There have been claims regarding the potential of vitamin E in promoting health and treating as well as in preventing diseases. The strategies by which the vitamin might offer protection include acting as an antioxidant in anti-inflammatory processes, immune enhancement, and inhibiting platelet aggregation (National Institutes of Health, 2016).
Review of Literature on Vegetable Oil and Vitamin E
Vegetable oils remain the main sources of dietary vitamin E that decreases the risk of cancer and cardiovascular diseases. Cold-pressed vegetable oils are an excellent source of alpha-tocopherol in particular. Among the major sources of vegetable oils, there are seeds of sunflower, canola, soybean, and wheat germ. Similarly, aromatic almond, sesame, and apricot oils also have healthy vitamin E. According to Sarwar, Quadri, and Moghal (2013), oilseeds remain the leading supplier of superior quality and specialty vegetable oils to natural food, nutritional products, as well as premium snack food globally. The authors noted further that the important oil-producing crops include oat, cotton, corn, mustard, soybean, camelina, safflower, crambe, coconut, rapeseed, olives, and oil palm.
In most countries, oilseeds are produced for oil extraction. The content of oil varies from one crop to another, for instance, small grains of wheat contain only between 1 and 2% of oil, while it is 20% for soybean, and over 40% for canola and sunflower (Sarwar et al., 2013). The main sources of edible seed oils in the world include soybean, rapeseed, sunflower, peanut, and cotton. Indeed, Imoisi, Ilori, Agho, and Ekhator (2015) noted in their research that palm oil has the highest content of vitamin E among vegetable-oil-producing crops. The authors reported that palm oil usually contains between 500 and 800 parts per million of tocopherols, which act as antioxidants. Palm oil contains alpha, beta, and gamma forms. Tocotrienols found in vitamin E have anti-cancer and antioxidant activities (Imoisi et al., 2015). Therefore, such antioxidants as carotenes and tocotrienols are added to cosmetics and foods because of the perceived health benefits that they confer. The antioxidant property of gamma-tocotrienol can be helpful in preventing increased rates of blood pressure by reducing lipid peroxides while increasing antioxidant status. Besides, increased melanoma can be reduced using delta levels of tocotrienols (Imoisi et al., 2015).
In another research, Ejoh and Ketiku (2013) sought to determine the levels of vitamin E in traditionally processed and raw melon seeds and groundnut products. Among the products included in the study, there were roasted groundnut, groundnut oil, melon seed oil, and roasted melon seed. The outcomes of the study revealed that apart from the stated high protein and energy content, groundnut and melon seed are useful sources of vitamin E, particularly tocopherol from the oils of these products. Significantly, the investigators noted that due to high oil content and vitamin E, vegetable oils still remain among the major sources of vitamin E.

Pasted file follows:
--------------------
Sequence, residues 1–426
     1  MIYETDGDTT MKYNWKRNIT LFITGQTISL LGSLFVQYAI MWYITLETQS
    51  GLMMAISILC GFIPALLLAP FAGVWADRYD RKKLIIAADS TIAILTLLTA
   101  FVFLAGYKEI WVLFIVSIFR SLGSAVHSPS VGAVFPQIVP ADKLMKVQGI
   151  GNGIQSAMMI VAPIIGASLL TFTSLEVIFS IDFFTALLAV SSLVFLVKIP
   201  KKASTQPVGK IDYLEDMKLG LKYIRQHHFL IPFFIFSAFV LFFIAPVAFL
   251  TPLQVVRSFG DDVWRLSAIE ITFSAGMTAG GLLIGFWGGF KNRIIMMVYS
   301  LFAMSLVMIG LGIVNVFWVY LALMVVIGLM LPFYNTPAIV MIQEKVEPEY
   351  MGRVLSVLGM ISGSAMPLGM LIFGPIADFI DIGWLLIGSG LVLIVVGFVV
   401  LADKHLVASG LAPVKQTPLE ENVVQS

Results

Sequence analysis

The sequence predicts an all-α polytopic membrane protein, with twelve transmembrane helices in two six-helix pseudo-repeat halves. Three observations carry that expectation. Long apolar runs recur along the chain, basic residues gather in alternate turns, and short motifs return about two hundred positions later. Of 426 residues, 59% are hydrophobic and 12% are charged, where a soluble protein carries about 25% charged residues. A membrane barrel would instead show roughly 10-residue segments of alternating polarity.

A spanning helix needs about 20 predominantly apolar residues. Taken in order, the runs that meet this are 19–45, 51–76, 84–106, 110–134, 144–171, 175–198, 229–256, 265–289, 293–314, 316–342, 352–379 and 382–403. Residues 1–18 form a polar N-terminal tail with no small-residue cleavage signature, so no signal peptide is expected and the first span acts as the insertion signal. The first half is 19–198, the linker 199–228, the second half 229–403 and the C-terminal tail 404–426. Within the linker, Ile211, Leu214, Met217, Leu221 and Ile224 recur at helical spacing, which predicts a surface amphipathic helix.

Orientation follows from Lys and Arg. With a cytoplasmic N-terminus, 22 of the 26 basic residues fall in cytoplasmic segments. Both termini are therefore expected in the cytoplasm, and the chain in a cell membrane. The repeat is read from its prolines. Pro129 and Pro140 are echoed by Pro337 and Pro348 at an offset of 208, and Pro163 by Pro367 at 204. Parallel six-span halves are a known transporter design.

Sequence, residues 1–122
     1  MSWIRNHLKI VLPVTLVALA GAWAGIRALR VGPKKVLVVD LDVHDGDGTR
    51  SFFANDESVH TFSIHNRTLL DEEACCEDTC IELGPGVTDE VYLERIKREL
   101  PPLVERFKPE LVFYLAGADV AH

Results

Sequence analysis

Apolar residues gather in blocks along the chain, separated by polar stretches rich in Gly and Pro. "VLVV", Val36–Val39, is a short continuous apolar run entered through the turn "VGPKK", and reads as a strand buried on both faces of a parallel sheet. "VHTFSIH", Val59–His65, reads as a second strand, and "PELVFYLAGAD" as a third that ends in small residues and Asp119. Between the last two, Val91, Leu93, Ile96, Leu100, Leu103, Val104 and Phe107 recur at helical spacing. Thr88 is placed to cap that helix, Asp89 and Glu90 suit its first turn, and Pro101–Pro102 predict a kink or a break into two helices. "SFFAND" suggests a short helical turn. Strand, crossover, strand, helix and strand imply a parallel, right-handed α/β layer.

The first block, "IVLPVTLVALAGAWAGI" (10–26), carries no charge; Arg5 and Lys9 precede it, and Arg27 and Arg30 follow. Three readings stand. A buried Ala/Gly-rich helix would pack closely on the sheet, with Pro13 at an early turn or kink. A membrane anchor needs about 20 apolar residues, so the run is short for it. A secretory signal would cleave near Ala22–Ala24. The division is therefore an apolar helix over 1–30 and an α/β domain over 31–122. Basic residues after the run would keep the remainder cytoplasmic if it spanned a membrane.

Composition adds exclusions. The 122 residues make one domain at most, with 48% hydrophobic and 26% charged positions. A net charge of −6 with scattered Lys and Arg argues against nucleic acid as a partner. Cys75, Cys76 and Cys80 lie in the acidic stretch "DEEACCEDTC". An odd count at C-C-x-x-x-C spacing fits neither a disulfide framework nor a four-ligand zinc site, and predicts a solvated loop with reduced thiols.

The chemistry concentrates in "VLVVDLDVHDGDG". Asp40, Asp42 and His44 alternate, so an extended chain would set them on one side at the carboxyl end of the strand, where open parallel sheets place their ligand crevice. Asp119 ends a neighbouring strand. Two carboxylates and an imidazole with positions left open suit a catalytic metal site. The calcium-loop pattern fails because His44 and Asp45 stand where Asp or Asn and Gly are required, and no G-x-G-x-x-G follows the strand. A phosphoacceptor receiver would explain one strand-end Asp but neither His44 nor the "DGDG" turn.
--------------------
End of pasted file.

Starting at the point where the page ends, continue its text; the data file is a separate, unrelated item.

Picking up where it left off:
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De Almeida, Sobrinho, Manzi, Lima, Endo, V, and Zeola (2014) conducted a study to assess the impacts of supplementation with sunflower seeds and vitamin E for fattening lambs on the cholesterol, chemical composition, level of vitamin E, fatty acid profile, as well as oxidation of meat from sheep. This study revealed that sunflower seed supplementation was able to increase the levels of different acids including linoleic acid, conjugated linoleic acid, and vaccenic acid (de Almeida et al., 2014). Importantly, vitamin E supplementation increased the concentration of this vitamin in the meat but decreased lipid oxidation. Therefore, the authors concluded that as the demand for healthy foods increases including sunflower seeds as well as vitamin E in the diets, it is a worthwhile consideration to be made (de Almeida et al., 2014).
Maarasyid, Muhamad, and Supriyanto (2011) also found out that vitamin E, which is essential for the human body, is found naturally in vegetable fats and oil as well as from their derivatives. Tocopherols and tocotrienols, which are the isomers of vitamin E, can be extracted using different methods. In their study, Maarasyid et al. (2011) identified several methods of extraction including solvent-based extraction, adsorption, chemical modification, enzymatic process, membrane technology, micro-wave assisted extraction, and molecular distillation. The other methods of extracting tocols from vegetable oils include high-performance liquid chromatography (HPLC) and pressurized liquid extraction (Lampi, 2011; Silva et al., 2011).